Are your HR skills in hot demand?

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Recruiting firm Hays’ latest Quarterly Hotspots report of skills in demand has shown there are skills shortages across New Zealand, particularly in accountancy, construction and insurance. But two HR roles have also made the list of professionals in demand.
According to the report, HR Generalists and Work Health Safety Practitioners are in hot demand. The report states that for HR Generalists, public sector organisations are looking for candidates with good demonstrated experience in change management, particularly organisational and culture change. Meanwhile, Work Health Safety Practitioners are in high demand as employers focus on impending legislative changes.
Jason Walker, Managing Director of Hays in New Zealand, told HRM Online the demand for both these roles is up across all the main centres.
“We really have seen an increase right across all sectors across, all regions – it’s a very positive story for HR,” he said.
He said the increasing need for health and safety professionals hasn’t been limited to Christchurch as companies partaking in the rebuild have head offices based in other centres. In other main centres HR Generalists are hot property.
“We are really seeing a pickup in the government sector in HR in Wellington because of the number of restructures that are going on there and around remuneration and benefits,” Walker said. “In Auckland… businesses are starting to increase their retention programs because they believe this year they’ll probably see an increase in churn and turnover and they need to put some vehicles and processes in place to reduce this and they could be investing in more training and development, doing some analysis on remuneration and benefits and salaries in the market vs the competition.”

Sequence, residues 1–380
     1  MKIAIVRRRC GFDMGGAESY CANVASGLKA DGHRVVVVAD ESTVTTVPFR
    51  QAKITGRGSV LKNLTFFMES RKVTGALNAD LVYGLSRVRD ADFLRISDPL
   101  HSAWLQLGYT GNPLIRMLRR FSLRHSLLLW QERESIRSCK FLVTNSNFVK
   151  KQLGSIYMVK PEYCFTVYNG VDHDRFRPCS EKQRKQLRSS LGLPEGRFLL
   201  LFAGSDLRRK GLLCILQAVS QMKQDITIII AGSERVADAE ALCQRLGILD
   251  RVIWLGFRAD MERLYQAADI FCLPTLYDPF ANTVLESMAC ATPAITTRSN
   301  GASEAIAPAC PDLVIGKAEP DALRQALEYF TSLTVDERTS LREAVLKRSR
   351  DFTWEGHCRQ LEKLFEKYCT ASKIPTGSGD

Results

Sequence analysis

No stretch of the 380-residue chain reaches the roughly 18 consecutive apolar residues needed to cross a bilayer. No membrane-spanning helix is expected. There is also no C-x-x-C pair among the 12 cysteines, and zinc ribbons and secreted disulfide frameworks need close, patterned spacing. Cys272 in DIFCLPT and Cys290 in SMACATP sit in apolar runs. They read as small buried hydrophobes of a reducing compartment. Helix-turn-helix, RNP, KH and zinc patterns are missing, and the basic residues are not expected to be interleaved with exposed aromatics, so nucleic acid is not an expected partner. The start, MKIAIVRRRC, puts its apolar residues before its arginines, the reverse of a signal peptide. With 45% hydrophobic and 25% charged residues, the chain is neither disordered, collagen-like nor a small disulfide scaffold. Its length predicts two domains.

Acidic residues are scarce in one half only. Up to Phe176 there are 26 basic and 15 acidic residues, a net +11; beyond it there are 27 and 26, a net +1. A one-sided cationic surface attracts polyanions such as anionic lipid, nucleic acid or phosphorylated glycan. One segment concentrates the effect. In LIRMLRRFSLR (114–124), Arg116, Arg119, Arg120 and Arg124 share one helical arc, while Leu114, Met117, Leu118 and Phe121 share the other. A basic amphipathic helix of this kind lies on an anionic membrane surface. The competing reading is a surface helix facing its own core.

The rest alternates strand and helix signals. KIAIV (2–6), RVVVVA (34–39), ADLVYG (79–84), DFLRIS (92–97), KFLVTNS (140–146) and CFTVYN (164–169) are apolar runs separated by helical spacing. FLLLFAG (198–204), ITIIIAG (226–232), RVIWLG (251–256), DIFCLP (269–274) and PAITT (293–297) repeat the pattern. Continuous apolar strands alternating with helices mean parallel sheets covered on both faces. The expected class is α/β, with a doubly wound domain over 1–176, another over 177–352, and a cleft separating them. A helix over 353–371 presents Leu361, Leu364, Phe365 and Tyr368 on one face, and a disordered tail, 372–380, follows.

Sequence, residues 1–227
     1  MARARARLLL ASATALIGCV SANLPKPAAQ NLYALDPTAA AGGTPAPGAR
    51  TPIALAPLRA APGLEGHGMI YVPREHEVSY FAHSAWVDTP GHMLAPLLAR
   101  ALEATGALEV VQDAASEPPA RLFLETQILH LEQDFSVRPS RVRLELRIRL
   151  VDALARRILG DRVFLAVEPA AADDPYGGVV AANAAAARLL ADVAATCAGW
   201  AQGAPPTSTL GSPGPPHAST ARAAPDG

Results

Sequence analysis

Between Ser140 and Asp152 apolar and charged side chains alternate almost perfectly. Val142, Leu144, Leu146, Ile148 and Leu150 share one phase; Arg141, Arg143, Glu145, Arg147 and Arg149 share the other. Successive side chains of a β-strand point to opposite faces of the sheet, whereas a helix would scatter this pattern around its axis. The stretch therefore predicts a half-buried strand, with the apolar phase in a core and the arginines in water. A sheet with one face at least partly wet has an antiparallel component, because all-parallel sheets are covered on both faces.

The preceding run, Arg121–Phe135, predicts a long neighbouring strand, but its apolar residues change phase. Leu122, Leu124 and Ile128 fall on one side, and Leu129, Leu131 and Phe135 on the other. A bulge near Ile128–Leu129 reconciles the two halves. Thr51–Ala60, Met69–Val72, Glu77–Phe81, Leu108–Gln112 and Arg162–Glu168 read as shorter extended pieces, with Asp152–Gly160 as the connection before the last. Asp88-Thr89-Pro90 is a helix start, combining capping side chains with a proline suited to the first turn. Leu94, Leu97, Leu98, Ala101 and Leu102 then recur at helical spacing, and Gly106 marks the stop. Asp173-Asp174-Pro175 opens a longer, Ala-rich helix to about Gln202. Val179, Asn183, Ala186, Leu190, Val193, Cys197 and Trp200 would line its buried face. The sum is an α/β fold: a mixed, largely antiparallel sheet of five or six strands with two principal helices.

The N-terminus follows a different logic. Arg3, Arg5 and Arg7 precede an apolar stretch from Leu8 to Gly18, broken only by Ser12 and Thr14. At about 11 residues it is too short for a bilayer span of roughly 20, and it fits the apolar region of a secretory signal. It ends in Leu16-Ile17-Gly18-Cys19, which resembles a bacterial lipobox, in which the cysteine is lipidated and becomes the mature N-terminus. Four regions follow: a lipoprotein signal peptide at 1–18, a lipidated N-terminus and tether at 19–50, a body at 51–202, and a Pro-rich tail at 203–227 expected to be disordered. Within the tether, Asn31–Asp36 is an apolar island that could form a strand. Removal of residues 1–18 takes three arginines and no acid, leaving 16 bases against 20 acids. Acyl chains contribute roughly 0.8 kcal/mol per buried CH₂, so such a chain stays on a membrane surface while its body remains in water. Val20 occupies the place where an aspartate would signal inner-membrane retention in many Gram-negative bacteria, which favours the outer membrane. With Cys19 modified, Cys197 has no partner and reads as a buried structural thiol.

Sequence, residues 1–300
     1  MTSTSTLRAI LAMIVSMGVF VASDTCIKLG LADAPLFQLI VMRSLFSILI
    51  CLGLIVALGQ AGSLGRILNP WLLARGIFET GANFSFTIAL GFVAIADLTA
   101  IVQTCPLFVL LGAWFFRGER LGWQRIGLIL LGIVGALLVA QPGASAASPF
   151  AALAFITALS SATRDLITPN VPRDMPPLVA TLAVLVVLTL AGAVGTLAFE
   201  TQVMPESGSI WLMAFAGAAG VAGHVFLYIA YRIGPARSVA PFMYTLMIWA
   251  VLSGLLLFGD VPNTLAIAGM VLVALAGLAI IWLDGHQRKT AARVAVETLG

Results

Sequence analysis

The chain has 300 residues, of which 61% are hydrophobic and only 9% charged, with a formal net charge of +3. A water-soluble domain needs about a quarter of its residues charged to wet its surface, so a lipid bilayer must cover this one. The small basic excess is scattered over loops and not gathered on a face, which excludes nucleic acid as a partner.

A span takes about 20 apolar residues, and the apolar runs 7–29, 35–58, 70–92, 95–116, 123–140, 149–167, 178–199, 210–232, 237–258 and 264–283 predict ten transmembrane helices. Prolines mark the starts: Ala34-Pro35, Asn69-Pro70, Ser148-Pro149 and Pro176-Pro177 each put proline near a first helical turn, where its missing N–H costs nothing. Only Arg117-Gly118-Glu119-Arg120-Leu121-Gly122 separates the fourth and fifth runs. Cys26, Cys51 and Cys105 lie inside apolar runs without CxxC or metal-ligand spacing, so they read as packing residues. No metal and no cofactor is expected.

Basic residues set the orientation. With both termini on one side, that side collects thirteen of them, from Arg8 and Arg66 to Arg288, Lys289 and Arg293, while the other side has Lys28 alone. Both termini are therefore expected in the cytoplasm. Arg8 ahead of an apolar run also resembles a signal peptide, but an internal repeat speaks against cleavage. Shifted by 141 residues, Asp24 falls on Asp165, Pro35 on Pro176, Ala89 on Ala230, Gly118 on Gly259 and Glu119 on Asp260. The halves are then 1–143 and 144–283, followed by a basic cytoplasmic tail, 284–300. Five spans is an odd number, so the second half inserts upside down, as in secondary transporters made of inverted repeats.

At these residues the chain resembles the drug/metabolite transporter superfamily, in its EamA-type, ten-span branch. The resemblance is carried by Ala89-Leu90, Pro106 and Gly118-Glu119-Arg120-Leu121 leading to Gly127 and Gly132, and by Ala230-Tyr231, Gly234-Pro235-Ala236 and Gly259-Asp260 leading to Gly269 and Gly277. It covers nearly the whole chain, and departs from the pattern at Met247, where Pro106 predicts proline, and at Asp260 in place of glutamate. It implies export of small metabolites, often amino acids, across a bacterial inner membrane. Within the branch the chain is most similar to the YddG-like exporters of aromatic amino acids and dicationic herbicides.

While no HR specialist roles made the list, Walker said Hays had noted a ”big increase” in demand for those specialising in training and development as businesses look at retention strategies.

“The demand fell away quite significantly during the recession and GFC for HR specialists and seeing the investment coming back is only a good thing,” he added.

Along with professionals with high-skill levels in many key areas being sought after, Walker said the report also highlighted two other trends – the calibre of job seekers on the market has increased and the desire to recruit one higher calibre candidate who can perform two job functions.

“People are returning to New Zealand from the UK and Australia. Often these candidates have been unable to command the salaries they wanted abroad and so they are now choosing to return home where they can secure good roles and maintain their career paths in a strong economy. These candidates are particularly sought after for their big company experience,” he explained.
As for seeking out top talent to perform two job functions, Walker said employers will pay a higher salary to one highly-skilled individual as opposed to a lower salary for two individuals who operate at a lower level.
“Employers are also spending more time assessing what skills the business actually requires, rather than recruiting direct replacements. Contractors are being used to cover workloads while this is worked out,” he added. 
Other jobs identified as  in demand across New Zealand by Hays include: business analysts, management accountants, credit controllers, intermediate and senior auditors, CAD drafters, registered architects, site/project managers, customer service, telesales, structural engineers, geotechnical engineers, insurance claims, infrastructure engineers, executive assistants, contract administrators quantity surveyors, business development managers, digital marketing managers, plumbers carpenters and scaffolders.

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